HP to pursue consumer tablets after all with new Mobility division

Undeterred by the failure of its TouchPad slate, the company hires an ex-Nokia executive to head the new unit.
Written by Sean Portnoy, Contributor

Just as HP appeared to be staking its tablet strategy entirely on enterprise-based Windows 8 models, the tech giant has thrown us another curve ball. According to an internal memo provided to The Verge, Hewlett-Packard has created a new Mobility division that's been charged with pursuing consumer tablets and related devices.

The Mobility unit, writes HP exec Todd Bradley, will be headed by Alberto Torres, who ran Nokia's MeeGo operation. In addition to consumer slates, Bradley says the division will be charged with looking at "additional segments and categories where we believe we can offer differentiated value to our customers." The Windows 8 tablets group, as well as the notebooks division, will not be merged into the new Mobility unit.

HP bombed with its last consumer tablet, the TouchPad, which ran on the webOS platform that the company acquired from Palm. Oddly enough, HP just announced that it was spinning its webOS operations into a new company -- and that both would take the Gram moniker.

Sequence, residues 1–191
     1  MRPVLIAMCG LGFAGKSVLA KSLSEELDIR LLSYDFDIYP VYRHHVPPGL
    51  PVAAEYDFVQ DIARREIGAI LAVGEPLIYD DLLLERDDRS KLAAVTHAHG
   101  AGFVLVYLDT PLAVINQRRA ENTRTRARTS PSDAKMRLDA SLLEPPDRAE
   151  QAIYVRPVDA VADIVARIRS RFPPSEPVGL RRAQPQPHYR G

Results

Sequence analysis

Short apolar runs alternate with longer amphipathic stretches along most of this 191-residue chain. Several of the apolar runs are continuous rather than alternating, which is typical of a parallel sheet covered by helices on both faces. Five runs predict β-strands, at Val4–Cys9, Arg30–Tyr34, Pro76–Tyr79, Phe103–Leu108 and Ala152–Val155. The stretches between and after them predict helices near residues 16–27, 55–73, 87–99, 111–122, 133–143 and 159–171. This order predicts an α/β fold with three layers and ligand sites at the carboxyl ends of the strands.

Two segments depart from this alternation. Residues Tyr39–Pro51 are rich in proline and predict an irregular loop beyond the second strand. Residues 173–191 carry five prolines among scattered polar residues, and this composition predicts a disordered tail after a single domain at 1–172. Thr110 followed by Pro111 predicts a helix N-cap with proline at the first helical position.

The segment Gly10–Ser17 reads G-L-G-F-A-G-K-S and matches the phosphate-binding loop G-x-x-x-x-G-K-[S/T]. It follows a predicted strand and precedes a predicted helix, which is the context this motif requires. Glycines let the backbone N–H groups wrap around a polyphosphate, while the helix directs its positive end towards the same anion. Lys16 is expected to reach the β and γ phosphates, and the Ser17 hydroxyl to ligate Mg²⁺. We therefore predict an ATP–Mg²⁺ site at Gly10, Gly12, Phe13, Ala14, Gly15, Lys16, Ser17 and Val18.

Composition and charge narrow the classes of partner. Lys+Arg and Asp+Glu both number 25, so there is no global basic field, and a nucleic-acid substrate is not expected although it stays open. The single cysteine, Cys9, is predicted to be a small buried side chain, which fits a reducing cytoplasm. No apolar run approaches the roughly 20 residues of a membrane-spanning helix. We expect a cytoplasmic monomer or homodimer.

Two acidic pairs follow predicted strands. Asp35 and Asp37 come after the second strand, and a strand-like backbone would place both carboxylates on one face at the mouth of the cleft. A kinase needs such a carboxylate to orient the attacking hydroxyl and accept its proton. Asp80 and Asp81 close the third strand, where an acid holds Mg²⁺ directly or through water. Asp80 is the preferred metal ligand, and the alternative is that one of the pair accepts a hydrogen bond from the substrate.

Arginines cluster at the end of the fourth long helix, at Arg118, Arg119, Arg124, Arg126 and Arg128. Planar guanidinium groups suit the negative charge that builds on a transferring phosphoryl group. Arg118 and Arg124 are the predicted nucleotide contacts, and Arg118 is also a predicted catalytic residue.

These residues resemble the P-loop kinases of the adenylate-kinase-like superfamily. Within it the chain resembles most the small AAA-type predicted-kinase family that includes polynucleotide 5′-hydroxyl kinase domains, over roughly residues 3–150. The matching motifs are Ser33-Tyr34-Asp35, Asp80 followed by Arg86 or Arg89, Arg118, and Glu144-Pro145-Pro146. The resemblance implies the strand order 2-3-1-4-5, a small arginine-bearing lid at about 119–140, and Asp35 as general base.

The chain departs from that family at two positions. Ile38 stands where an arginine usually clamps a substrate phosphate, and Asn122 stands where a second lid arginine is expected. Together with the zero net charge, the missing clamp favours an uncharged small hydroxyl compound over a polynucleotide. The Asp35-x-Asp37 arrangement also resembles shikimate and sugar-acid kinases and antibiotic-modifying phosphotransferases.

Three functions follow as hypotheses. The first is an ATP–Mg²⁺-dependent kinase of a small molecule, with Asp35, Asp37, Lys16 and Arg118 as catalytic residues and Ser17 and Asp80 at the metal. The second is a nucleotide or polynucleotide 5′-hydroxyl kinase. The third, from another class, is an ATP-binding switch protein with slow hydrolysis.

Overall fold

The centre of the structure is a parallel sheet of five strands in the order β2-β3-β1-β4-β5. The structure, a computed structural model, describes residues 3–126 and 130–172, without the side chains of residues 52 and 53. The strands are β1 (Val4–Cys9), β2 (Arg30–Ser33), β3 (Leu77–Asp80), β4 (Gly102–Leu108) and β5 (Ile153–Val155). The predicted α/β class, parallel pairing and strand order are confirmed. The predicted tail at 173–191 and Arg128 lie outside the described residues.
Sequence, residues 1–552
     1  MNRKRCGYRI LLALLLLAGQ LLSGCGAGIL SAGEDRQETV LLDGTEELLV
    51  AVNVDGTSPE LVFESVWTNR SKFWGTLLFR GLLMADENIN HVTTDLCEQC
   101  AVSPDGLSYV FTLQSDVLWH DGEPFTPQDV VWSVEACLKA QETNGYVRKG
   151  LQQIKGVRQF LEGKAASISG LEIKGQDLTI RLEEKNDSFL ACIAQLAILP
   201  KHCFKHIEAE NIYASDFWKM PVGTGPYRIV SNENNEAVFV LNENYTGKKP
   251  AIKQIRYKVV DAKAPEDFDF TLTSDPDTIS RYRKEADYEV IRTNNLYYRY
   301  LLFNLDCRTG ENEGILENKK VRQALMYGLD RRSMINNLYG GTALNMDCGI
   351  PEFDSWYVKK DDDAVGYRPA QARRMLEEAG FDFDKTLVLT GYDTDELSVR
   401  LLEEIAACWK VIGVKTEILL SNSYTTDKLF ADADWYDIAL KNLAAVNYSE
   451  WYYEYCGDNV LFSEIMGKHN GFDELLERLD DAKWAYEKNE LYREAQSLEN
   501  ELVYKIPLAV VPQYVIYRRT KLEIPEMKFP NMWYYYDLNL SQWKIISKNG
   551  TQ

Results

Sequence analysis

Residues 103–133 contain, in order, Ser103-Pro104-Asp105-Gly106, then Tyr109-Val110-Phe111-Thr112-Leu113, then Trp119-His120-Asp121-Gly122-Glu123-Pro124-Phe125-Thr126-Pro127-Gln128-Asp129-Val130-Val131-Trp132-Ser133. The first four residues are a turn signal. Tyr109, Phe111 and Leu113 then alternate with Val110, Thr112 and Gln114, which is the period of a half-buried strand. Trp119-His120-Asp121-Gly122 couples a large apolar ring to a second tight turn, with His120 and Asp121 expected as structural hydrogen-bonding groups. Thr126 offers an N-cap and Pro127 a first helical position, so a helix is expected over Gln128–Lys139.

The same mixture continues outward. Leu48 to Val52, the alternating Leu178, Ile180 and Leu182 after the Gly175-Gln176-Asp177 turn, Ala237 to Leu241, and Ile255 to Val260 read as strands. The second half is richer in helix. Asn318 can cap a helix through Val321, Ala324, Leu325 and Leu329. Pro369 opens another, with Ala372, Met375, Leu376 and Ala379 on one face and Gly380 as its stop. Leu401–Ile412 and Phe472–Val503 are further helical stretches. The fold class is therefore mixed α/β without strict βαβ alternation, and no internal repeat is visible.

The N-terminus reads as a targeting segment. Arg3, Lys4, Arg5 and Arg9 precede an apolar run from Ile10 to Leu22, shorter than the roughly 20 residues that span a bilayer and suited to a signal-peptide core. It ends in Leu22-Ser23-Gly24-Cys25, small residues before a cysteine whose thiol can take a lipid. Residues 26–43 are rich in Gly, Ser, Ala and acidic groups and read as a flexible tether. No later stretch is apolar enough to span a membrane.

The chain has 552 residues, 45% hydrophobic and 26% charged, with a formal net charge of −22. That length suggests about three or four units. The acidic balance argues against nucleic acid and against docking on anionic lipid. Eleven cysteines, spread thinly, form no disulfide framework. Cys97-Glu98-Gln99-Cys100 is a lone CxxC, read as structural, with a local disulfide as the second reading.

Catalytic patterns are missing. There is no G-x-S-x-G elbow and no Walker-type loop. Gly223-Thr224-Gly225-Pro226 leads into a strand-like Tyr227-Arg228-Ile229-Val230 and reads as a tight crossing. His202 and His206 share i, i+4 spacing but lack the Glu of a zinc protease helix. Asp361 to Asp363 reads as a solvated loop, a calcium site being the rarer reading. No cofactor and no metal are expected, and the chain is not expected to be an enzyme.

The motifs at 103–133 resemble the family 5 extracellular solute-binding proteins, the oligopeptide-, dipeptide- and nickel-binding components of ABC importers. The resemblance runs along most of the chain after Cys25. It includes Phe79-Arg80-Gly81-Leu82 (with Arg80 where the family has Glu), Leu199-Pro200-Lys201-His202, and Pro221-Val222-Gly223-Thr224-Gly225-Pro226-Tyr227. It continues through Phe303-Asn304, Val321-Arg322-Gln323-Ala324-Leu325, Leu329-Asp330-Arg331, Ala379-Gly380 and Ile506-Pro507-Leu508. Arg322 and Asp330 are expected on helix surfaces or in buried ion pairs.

HP has shown no interest in producing a Windows RT tablet -- which would put it in direct competition with Microsoft's Surface RT -- so what will its new consumer tablets run whenever they appear? Could it go round two with webOS, though this time as the not-yet-soiled Gram operating system? (Though it appears HP isn't interested in supporting the open source webOS on its existing devices.) Would it try to hop on the Android bandwagon, which would have it competing against the likes of Google, Samsung, and Amazon?

Does the hiring of Torres mean that the company will have the MeeGo OS, which hasn't found much success to date, power a consumer slate? Or will HP throw another curve ball and actually turn out a Windows RT tablet after all? What do you think HP should do to make a splash in the consumer tablet market (if that's possible)? Tell us in the Talkback section below.



Editorial standards